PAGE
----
The UK's intervention in the energy markets in favour of low-carbon energy sources is tantamount to renationalization. By Steve Kidd
I suggested a few months ago that the costs of the pro-renewables policies in Europe are at last getting recognised by the authorities and we could at last be seeing a gradual movement back in favour of nuclear (March 2014, 'European energy policy - will doors open for nuclear?'). Nevertheless, there remain some substantial challenges appearing in new and maybe unexpected quarters. For example, there is the new energy strategy in France which suggests a reduction in the nuclear share of electricity generation to 50% by 2025 (but without any obvious plan to get there). On the other hand, Russian actions in Ukraine suggest that the energy security argument in favour of nuclear in Europe remains as strong as ever. I also touched on this in July's comment in the context of the need to diversify Europe's supplies of natural gas to new suppliers ('Russia and Germany - new opportunities today?').
The Unit cartoon by Alexey Kovynev: "The quantity of mechanisms is not a problem. The problem is choosing the right one."
On 25 June 2014, Jan Mládek, the Czech Republic's minister of industry and trade, wrote to European Commissioner for energy Günther Oettinger, expressing a view in favour of nuclear power shared by ten European countries. Citing market failures that prevent new nuclear build from supporting European goals for energy security, sustainability and emissions reductions, it demands a level playing field for all low-emission sources in the EU. Its timing is rather good and should fit in nicely with some expected support from this year's International Energy Agency's World Energy Outlook, which will have at least one major chapter devoted to nuclear power's continuing important role.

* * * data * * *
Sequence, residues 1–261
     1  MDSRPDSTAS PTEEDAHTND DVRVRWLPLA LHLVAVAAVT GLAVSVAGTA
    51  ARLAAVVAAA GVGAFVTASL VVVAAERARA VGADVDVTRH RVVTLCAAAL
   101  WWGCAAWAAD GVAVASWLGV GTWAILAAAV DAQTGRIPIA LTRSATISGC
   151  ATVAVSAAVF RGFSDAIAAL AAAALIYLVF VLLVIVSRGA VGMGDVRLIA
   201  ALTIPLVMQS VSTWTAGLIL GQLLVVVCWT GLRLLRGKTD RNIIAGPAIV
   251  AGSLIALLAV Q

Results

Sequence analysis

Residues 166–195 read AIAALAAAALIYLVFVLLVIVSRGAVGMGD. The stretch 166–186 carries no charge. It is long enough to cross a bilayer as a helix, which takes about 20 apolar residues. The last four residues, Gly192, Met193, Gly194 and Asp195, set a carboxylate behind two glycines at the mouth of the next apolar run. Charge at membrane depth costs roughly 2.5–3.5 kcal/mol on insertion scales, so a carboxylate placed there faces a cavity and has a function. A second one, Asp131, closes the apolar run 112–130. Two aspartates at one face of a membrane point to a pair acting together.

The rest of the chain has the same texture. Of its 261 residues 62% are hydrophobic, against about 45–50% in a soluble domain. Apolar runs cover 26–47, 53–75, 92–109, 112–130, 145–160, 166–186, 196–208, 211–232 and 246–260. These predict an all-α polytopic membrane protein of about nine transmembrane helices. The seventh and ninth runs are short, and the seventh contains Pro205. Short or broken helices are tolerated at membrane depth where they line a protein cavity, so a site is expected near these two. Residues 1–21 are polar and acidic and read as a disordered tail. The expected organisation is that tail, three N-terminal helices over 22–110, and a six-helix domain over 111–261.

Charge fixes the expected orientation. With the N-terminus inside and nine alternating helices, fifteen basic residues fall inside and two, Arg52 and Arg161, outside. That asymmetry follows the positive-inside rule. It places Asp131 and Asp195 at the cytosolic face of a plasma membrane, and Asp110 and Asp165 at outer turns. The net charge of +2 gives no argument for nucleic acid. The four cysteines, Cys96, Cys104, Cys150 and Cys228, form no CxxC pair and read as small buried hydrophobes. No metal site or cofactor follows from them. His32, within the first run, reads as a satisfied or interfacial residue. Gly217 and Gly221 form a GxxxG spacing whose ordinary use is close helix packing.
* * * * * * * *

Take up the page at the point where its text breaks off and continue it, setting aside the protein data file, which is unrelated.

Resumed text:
One section of the Czech letter relates specifically to an area where the United Kingdom has taken several policy actions in the recent past. It reads, "It should be recognized that numerous market failures are currently preventing (nuclear) investment coming forward and this should not be overlooked by the Commission. Nuclear energy which requires capital-intensive and long-term investment should be supported by market mechanisms to create a predictable investment framework."